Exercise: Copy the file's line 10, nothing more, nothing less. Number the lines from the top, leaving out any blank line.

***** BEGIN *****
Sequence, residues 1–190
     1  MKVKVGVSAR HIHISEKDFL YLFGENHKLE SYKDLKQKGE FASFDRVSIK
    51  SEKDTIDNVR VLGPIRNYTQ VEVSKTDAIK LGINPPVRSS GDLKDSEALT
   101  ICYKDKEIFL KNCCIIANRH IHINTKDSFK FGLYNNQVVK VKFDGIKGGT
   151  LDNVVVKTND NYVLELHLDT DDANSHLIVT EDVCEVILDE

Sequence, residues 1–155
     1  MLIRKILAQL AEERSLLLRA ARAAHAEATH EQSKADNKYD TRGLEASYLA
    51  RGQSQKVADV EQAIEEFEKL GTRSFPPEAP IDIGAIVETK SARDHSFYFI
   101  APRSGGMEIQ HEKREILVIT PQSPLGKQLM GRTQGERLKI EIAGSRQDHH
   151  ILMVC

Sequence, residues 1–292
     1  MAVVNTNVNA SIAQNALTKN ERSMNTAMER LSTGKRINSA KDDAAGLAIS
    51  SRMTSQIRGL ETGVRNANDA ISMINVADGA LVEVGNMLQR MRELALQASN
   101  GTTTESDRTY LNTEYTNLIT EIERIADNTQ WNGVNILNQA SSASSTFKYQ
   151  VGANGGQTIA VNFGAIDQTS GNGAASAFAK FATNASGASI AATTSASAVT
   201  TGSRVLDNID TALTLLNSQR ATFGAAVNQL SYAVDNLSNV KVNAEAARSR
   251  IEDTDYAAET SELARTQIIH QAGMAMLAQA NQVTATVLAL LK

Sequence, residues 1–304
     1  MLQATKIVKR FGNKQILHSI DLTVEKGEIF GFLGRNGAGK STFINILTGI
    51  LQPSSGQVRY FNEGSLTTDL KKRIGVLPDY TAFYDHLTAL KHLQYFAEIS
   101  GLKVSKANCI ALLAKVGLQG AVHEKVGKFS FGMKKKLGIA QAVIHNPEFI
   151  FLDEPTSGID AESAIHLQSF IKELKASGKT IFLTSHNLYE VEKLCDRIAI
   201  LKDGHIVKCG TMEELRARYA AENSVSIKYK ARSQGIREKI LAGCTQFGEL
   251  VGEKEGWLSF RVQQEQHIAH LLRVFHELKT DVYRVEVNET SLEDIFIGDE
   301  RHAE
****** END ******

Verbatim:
   151  ILMVC